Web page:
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Wednesday, August 19, 2015

September 23, 2014

Happy first day of Autumn!
Aw-tumm—now there’s a funny word, defined as a “time in the development of something that follows its most vigorous and successful phase, before its decline.” Yup. Guess that about wraps it up. Hence the leaf-showers even when the sun is shining. Past their successful phase, they’re going into decline. Literally. To the ground. Ugh.
So I guess that’s why the other term for this season—Fall, is synonymous and, you have to admit, a lot more descriptive of what really happens—falling leaves, withering grass, dying plants. Everything is falling, and I have to admit, so don’t my spirits! A spring and summer girl, I am—no question about it.
The good thing—and the one I need to hang on to—is the first part of that definition: “A time in the development of…” So it’s not really over. Roots are busy all winter, developing, stretching, reaching out and drinking deeply of the nourishment deep in the ground—all things that will continue growth and development come another Spring.
MouseHouse Village folks, on the other hand, adore Autumn. The abundance of leaves on the ground make for safe passage from place to place. Just grab a stem, tuck yourself under a leaf and zip to wherever you’re going. Perfect camouflage, and hey, on a windy day, if you’re little enough, maybe even a free flight to who-knows-where. Of course, that can be a problem since there’s no telling where you’ll land.
There was a lot of activity around Big Rock School yesterday, and after a little chat with Sir Fivel last evening, I learned the scoop. Seems an orphan mouseling was brought to Miss Winklesnout after being rescued by some observant on-lookers on their way to school. There, hiding under a large maple leaf, was a tiny grey mouseling, shivering and whimpering quietly. It was Bitsy that heard the plaintive sound.
“Sshh! Stop, you guys! Listen…” they all stopped.
“I don’t hear anything,” Ben said. “Come on… we’ll be late.”
Bitsy hung back, sure that she’d heard someone crying quietly. Sure enough. There it was again.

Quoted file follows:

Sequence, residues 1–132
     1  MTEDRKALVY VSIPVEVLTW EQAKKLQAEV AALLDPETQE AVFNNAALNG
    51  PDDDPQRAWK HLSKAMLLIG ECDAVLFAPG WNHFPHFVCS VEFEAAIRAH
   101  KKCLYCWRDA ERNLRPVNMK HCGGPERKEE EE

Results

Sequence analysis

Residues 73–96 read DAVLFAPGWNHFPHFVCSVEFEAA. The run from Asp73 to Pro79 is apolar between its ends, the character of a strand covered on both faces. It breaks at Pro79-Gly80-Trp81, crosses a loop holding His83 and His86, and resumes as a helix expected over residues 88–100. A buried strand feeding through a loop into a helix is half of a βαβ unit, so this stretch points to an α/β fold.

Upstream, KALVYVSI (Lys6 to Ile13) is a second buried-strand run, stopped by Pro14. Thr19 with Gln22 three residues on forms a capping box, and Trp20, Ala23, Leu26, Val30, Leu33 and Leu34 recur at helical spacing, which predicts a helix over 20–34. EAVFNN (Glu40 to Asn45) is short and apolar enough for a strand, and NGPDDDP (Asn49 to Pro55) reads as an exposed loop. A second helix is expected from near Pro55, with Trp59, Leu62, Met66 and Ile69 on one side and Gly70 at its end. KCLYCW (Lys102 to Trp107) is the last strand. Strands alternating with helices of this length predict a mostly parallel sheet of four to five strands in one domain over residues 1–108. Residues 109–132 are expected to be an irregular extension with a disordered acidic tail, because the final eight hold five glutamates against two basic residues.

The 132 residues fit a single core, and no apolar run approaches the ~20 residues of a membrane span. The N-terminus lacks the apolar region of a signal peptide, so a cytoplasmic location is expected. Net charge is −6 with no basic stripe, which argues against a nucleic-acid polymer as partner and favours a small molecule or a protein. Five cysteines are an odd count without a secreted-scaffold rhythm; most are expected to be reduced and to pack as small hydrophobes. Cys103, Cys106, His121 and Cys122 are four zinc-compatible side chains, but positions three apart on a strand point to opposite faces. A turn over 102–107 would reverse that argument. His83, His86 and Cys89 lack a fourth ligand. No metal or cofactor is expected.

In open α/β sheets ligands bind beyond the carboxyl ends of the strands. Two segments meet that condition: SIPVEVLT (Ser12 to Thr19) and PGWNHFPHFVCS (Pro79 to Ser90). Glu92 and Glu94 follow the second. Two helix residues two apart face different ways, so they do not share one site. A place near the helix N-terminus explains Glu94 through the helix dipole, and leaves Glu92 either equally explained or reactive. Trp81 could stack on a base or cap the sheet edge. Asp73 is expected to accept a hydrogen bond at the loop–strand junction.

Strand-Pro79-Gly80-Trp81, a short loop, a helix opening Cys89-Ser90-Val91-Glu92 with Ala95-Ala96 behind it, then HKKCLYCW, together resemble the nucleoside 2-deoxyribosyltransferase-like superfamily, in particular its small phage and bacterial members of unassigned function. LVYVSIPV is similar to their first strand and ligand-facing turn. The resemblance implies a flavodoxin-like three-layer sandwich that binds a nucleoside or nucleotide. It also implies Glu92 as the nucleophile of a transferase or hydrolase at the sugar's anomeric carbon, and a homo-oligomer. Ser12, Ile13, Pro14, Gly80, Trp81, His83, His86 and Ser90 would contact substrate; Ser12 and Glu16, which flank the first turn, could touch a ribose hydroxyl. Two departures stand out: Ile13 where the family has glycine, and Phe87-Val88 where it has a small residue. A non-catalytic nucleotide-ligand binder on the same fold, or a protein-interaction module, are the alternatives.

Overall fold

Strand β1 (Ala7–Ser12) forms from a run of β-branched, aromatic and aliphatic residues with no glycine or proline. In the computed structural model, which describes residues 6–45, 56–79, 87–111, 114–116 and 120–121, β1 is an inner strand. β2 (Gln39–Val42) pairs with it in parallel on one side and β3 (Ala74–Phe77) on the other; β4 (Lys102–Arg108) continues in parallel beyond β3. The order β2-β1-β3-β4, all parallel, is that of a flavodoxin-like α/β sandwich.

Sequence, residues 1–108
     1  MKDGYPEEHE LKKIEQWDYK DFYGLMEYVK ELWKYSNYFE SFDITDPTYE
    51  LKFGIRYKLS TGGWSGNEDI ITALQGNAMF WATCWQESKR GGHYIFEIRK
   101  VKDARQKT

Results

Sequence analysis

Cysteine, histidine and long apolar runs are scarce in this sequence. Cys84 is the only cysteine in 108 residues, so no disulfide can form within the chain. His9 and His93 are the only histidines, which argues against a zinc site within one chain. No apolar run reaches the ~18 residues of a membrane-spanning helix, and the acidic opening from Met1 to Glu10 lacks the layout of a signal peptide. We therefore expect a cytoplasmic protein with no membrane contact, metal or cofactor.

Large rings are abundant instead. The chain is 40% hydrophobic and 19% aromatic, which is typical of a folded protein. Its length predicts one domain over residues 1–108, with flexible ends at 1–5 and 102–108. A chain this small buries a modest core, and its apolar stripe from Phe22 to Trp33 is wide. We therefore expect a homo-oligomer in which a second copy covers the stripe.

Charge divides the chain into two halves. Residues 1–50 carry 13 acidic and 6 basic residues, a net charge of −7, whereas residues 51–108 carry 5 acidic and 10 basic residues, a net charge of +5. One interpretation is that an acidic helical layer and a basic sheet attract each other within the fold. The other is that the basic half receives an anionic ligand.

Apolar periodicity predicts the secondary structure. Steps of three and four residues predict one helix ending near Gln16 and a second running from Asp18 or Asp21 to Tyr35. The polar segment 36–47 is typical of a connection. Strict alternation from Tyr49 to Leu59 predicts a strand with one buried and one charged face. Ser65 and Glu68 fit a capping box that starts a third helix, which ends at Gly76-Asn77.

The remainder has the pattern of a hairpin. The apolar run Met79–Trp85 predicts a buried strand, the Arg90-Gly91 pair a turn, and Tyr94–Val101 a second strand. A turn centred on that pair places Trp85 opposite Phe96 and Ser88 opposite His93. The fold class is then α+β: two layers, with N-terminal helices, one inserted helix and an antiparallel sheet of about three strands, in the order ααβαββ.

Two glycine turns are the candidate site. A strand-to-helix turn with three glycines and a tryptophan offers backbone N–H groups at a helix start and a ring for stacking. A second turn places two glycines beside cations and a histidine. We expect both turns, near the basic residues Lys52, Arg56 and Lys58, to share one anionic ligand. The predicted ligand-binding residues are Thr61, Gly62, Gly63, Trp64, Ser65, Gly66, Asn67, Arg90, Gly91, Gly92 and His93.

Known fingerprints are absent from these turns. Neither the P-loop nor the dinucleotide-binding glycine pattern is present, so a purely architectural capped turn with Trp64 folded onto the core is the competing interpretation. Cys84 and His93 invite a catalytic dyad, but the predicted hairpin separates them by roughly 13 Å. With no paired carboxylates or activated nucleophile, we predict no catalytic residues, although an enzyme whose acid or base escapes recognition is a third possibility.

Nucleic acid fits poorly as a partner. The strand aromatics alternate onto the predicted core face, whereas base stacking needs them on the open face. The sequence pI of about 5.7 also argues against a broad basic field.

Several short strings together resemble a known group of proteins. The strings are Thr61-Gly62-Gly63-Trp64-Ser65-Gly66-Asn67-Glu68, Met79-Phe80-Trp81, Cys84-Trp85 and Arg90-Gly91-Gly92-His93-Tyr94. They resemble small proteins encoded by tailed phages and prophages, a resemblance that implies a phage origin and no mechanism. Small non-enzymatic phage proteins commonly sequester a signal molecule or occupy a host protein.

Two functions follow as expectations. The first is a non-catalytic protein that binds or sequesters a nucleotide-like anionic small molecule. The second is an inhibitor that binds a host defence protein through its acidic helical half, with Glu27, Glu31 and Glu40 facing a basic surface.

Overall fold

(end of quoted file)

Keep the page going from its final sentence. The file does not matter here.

“Where are you…” she called out gently. “Show me where you are. I can help you.”
For a long time there was nothing, and just when she was about to catch up with the others, a wee gray nose and two tear-filled black eyes peered out from under a leaf.
“I don’t know where my mama is…” a small voice squeaked. “I’m so cold and hungry and I don’t know what to do.”
Bitsy bent down, holding out a hand. “Come with me, I’ll take you to Miss Winklesnout, our teacher. She’ll know what to do. Can you get up? Are you hurt?”
“I don’t think so… but Cat kept grabbing me around my tummy, its sore. And I’m so hungry and cold…”
“Yes… I know. Come. We’ll get you in where it’s warm, and I’m sure we can find some food too.”
Off they went, hand-in-hand. Bitsy noted that the little gray mouseling’s dress was badly torn, and she had no outer clothing at all. Bitsy slipped out of her warm sweater, wrapped it around the little one’s shoulders.
“Here, this’ll warm you up until we get inside…”
Miss Winklesnout was immediately concerned. “Oh my dear girl, whatever happened to you…”
The little mouse told of a terrible night of terror, running from one hiding place to the next, and being nabbed several times by Cat in the process.
“I couldn’t find my way home…” fresh tears welled up as she recalled. “I don’t know where home is now… and I just want my mama.”
Miss Winklesnout bent down, wrapping the little girl in her arms. “There, there. We’ll try hard to find your mama…”
Sobs began anew. “B-b-b-but… you don’t understand… I’m afraid Cat got her, and my brothers and sisters too. One by one they’ve been disappearing, night after night. That’s why I was out of our nest that night… Mama didn’t come back, and I went looking for her.”
“Oh my dear child… I’m so sorry.”
All the children gathered about, some of them crying now too, horrified by what they’d learned. Some of them gently patted her back, all of them struck silent.
Miss Winklesnout knew it was important to get everyone calmed down and back into routine. “Well for now, let’s find some warm, dry clothes for… what is your name, dear?”
“I’m Tina…” she replied through a small hiccup.
“Class… this is Tina. Now who has an extra sweater hanging in the coat-room?” Several hands went up.
“Now the rest of you, back to your desks and your morning work, please.”
She brought little Tina to the wash-room. Bathed her face and hands in warm water, and checked her over for any wounds. Finding none, she helped her into an oversized, but nonetheless clean-warm-dry paint smock from the art room, then over that a cozy sweater along with some over-large slouchy socks that fell down nearly as soon as they were pulled up, but they too were dry and warm.
“Now let’s see if we can find you something to eat.” Off to the lunchroom they went where Miss Winklesnout made a seed-butter and berry sandwich and brewed a cup of rose-hip tea to ward off a chill and soothe the nerves of this tiny orphan.
“There’s a board meeting called for tonight…” Sir Fivel finished telling me of the situation. “So we’ll see who can take in the poor little child… who knows, we have a houseful already, but if need be…” He scratched the I-don’t-know spot, there, just under his cap.
“Oh my! I’m sorry to hear of this… poor little thing!”
And I should be worried about falling leaves?

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